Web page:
Catalogue of the Cotsen Children’s Library: The Nineteenth Century Published!

From A, Apple Pie to Werkstätten von Handwerkern, with almost 6370 titles in between…

The History of the Apple Pie: Illustrative example for the letter X.   Before X-rays came along, the letter X often posed challenges for illustrated alphabet examples. Ever hear of a Xiphias?

Remember the old children’s riddle: “What’s black and white and read all over?”

The answer, of course, is “a newspaper,” and the riddle is based on the possible confusion between between the homophones, “read” and “red” when spoken, an ambiguity that’s completely lost in print (or online).

Children love riddles, and traditional oral culture is full of riddles and verbal puzzles.  That’s one reason why any number of Cotsen Library children’s books contain riddles, along with other word-games and puzzles.  A quick keyword search of Princeton’s library catalog for “riddle” and “Cotsen” turns up over 400 matches: from the 1690 Whetstone for Dull Wits: or, a New Collection of Riddles, for the Entertainment of Youth (Cotsen #35473), to the 1756 Food for the Mind, or, A New Riddle-book: Compiled for the Use of the Great and the Little Good Boys and Girls in England, Scotland, and Ireland (Cotsen #5374), to the 1955 Cai Mi Yu (Solving Riddles). (Cotsen #70304), with many other titles, from various eras, issued in a wide variety of countries.

The two-volume Catalogue of the Cotsen Children’s Library: The Nineteenth Century (Princeton, 2019), with its lavender, gilt-stamped cloth covers.

In the spirit of riddling, I’d like to pose one to you, the reader.

What published title lists and describes 6,370 nineteenth-century children’s book titles, comprises 1175 pages in two large, folio-sized volumes, and features over 270 brightly color-printed illustrations?  (Hint: it’s pictured at the right…)

The answer?  The recently published (January, 2019) two-volume: Catalogue of the Cotsen Children’s Library: The Nineteenth Century.  The books selected for inclusion in this descriptive catalog and the illustrations accompanying them seek to highlight nineteenth-century children’s books that have particularly-striking illustrations, books featuring work by especially renowned illustrators or engravers (John Tenniel, Kate Greenaway, Walter Crane, Randolph Caldicott, or Edmund Evans, to name but a few), or books exemplifying the range of illustration processes in this important period in terms of both graphical style and technological developments (from hand-colored woodblocks or engravings to chromolithography).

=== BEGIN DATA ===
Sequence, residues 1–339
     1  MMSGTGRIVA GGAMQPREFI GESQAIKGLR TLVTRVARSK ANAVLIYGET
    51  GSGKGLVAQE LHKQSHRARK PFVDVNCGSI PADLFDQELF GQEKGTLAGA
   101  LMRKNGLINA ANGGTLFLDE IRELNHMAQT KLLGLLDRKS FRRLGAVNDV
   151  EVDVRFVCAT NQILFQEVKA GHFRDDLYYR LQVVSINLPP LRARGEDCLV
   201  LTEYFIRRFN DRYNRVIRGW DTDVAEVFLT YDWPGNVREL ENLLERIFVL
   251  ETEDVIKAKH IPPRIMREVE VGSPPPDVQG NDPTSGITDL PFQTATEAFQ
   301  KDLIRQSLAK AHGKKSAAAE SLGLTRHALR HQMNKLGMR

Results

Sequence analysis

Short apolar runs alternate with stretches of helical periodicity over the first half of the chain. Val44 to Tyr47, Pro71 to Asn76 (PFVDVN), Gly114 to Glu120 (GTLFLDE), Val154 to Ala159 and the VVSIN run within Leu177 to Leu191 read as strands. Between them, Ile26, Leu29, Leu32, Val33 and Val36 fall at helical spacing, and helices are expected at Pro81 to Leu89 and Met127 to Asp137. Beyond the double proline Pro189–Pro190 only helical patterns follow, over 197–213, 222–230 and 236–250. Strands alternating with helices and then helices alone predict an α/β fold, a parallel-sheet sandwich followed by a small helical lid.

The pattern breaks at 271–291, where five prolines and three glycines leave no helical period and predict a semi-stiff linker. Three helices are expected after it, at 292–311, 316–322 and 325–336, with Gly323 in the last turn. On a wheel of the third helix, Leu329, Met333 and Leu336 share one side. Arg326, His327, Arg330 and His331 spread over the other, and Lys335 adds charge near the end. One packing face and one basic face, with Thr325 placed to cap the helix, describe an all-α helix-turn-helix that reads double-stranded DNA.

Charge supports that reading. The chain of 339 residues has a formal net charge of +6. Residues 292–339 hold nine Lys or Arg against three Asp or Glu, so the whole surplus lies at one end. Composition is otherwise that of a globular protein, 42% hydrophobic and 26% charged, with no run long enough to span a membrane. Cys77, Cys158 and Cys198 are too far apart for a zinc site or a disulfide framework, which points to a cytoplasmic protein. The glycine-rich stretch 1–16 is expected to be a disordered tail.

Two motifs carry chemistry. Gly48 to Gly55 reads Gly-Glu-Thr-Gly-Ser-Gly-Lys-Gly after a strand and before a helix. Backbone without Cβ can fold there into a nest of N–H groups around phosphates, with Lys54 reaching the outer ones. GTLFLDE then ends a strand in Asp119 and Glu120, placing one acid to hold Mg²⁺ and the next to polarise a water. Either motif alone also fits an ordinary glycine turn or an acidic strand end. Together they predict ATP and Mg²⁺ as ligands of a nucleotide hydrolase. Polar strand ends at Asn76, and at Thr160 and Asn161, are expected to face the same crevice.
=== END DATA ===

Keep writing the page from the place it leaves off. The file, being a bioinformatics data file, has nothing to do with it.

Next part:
Page 1 of the Catalogue: A a B c d e f ff g, A Apple Pie, and off we go…

Arranged both topically and alphabetically, titles in the two catalog volumes run from, A, Apple Pie to 30 Werkstätten von Handwerkern: nebst ihren hauptsächlichsten werkzeugen und fabrikaten; mit erklärendem texte, with more than 6300 entries in between, each described in considerable bibliographic detail, using the catalog records in Princeton’s online library catalog as the basis.

With the publication of two Nineteenth Century volumes (A-K and L-Z), these volumes join the two previously-published Twentieth Century volumes (2000 and 2003) and the printed Cotsen Catalogue now provides coverage of publications held by the Library from both the 19th and 20th centuries.  A final, two-volume printed catalog of Cotsen’s holdings from the incunable era through 1799 is now in the works.

For more information about the printed Cotsen Catalog volumes, including information on how to order these magnificent books, please visit the Oak Knoll Books website.

Endpapers from the 19th Century Catalogue, designed by Mark Argetsinger using illustrative examples in Cotsen ABC books.


Absolutely Fabulous Felines

Why is the lion roaring?

He’s announcing to the world that his good friend Puss in Boots is the subject of a fabulous new Cotsen gallery publication.

The front cover incorporating an illustration by the famous Victorian animal painter, Harrison Weir.

It features twelve black-and-white illustrations of the most famous cat in children’s literature from Cotsen’s nineteenth-century books.  The pictures are accompanied by the complete Perrault fairy tale in Andrew Lang’s translation.   As it’s a rags-to-riches story, gold bands run along the upper and lower edges of every page.  The elegant design is by Mark Argetsinger and the beautiful printing by Puritan-Capital.   Stop by the Cotsen gallery for a free copy, especially if you like cats, shoes, and happy endings.

The rear cover featuring Puss as a courtier in Louis XIV’s court by Edmond Morin.

Another word about the head of the lion at the head of the post…  It’s a detail from a wonderfully dynamic drawing by American artist James Daugherty, which the Friends of James Daugherty Foundation just presented to Cotsen.   The notation in the bottom right hand corner indicates that it was intended as the illustration for page in 39 in Andy and the Lion (1938), Daugherty’s retelling of Androcles and the Lion that was named the Caldecott Honor Book for 1939.  At some point in the book’s production,it was cut.  It’s hard to see why, but presumably there were good artistic reasons at the time.

Cotsen is thrilled to have this wildly happy lion join the marvelous preparatory drawing for the book’s endpapers in the Daugherty archive.  We’re very grateful to the Foundation for its continued generosity!